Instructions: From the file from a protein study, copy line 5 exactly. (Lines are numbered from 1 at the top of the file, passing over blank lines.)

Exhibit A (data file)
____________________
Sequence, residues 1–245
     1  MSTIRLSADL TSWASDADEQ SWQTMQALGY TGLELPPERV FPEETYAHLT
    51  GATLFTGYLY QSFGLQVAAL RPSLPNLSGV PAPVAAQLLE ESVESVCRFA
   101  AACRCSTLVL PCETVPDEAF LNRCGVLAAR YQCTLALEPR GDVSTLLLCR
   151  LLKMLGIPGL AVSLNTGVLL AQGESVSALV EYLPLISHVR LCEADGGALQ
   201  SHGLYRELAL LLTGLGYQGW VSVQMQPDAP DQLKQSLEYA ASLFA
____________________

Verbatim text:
   151  LLKMLGIPGL AVSLNTGVLL AQGESVSALV EYLPLISHVR LCEADGGALQ